Stroke

A dose of singing does stroke patients good

June 23, 2010: A 3D display is seen through glasses during a demonstration by virtual reality content and technology provider Solidray at the 3D and Virtual Reality Expo in Tokyo.

June 23, 2010: A 3D display is seen through glasses during a demonstration by virtual reality content and technology provider Solidray at the 3D and Virtual Reality Expo in Tokyo.  (REUTERS/Yuriko Nakao)

In a hospital atrium at Mount Sinai Beth Israel this week, a choir gave its first public performance. Wearing light-up necklaces and accompanied by drums and guitar, the performers rang bells and sang such holiday classics as “Silver Bells” and “Joy to the World,” occasionally breaking out in harmony.

While every member of the choir sings, some are united by a less common bond: They have lost much of their ability to speak.

The group, Singing Together Measure by Measure, is made up of those who have had strokes and those who care for them, both family members and health-care professionals. It is part of a clinical trial, led by Joanne Loewy, director of the hospital’s Louis Armstrong Center for Music and Medicine, creating therapy around a phenomenon that has been noted for centuries: that some people who can’t speak can still sing.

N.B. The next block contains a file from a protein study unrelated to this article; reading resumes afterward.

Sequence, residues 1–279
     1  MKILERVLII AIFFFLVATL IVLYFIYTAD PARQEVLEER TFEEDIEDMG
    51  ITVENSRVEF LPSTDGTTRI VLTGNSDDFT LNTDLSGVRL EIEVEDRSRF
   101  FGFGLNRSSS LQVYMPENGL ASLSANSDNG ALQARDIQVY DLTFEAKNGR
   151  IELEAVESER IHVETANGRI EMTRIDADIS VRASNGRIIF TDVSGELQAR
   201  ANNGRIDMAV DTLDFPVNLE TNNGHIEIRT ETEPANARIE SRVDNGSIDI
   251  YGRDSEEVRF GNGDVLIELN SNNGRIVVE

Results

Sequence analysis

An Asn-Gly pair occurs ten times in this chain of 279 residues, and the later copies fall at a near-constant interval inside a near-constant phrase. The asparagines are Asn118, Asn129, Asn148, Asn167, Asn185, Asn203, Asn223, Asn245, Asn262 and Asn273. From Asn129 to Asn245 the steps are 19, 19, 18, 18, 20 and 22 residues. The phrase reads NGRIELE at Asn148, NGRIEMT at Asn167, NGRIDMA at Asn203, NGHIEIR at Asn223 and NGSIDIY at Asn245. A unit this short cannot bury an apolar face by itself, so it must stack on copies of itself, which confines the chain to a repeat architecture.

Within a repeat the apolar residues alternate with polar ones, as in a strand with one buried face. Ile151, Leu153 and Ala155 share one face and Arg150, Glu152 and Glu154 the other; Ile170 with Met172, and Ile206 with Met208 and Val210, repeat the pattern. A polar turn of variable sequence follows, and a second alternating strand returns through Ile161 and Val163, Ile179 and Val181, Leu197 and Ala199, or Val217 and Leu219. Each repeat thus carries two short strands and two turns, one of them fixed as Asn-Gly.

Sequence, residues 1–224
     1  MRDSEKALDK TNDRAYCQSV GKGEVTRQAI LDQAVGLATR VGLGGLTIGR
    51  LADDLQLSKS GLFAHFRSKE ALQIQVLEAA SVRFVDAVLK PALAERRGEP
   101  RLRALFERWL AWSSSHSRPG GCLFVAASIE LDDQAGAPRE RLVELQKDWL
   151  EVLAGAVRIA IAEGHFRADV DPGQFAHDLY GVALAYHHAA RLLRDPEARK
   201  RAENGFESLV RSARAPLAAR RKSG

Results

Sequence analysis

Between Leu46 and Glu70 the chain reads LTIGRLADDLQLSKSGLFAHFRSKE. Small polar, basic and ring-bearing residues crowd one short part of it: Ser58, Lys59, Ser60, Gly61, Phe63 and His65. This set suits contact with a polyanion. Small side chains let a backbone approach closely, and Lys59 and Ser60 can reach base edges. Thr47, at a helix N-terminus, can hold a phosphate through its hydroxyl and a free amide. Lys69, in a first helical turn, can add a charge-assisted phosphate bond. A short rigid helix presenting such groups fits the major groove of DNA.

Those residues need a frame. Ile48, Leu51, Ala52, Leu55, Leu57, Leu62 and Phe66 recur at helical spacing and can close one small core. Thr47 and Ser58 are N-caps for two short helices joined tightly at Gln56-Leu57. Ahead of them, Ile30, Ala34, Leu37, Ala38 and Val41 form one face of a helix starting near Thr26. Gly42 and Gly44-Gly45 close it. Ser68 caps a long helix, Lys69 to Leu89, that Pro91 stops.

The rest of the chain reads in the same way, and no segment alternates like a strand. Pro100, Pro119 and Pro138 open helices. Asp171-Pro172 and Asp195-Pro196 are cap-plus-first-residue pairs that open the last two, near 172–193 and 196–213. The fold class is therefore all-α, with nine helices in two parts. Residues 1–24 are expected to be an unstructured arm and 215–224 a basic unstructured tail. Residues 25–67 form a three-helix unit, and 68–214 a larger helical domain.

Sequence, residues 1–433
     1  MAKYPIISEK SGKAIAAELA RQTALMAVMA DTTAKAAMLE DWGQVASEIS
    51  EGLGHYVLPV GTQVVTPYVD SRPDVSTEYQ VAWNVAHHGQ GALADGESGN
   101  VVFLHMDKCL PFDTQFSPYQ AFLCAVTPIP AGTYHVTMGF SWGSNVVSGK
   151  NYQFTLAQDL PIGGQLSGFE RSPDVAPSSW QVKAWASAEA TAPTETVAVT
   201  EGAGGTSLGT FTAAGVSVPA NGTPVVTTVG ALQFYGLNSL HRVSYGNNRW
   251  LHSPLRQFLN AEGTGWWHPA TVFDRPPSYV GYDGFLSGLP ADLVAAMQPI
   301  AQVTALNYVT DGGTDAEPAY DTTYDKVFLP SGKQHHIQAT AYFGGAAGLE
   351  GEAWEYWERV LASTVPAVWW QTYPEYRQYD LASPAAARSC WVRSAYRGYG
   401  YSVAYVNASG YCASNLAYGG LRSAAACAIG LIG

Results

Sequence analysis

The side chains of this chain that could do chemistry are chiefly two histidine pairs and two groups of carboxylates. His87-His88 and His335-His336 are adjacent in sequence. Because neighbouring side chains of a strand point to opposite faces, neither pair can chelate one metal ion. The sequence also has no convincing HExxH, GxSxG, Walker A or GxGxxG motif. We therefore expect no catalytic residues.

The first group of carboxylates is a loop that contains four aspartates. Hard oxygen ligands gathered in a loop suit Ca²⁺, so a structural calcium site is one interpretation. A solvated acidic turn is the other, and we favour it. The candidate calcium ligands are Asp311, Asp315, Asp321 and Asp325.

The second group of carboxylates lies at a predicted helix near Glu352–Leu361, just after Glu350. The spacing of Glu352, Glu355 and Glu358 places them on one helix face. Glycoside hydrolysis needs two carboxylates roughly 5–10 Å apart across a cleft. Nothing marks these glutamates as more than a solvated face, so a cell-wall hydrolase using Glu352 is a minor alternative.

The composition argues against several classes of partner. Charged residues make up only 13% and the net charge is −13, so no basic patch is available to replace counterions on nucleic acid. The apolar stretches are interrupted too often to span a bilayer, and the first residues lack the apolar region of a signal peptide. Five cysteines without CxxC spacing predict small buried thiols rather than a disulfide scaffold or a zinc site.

Technically, the study is focused on a condition called aphasia, a brain disorder that causes difficulties speaking and communicating but doesn’t necessarily affect intelligence. It is common among stroke patients, occurring in about one-third of the 750,000 people in the U.S. who have strokes each year, according to the National Aphasia Association, an advocacy group.

Having a stroke often destroys certain neural pathways in the brain, including those used for speech. Music, which uses a more complex set of pathways, can help restore lost brain function, Dr. Loewy said.

“It’s a perfect population to study, because you can actually connect the preserved pathways and reactivate them through music,” she added.

For the trial, which is ongoing, 40 stroke patients are randomly divided into two groups. All the patients receive standard post-stroke care but one of the groups is also assigned music therapy.

Before and after a six-month period, a research team measures the patients’ changes in mood, neurological function and language ability. Dr. Loewy and her collaborators, music therapists Andrew Rossetti and Naoko Mizutani, aim to see if participating in the weekly choir sessions makes a measurable difference on stroke survivors’ recovery.

Click for more from The Wall Street Journal.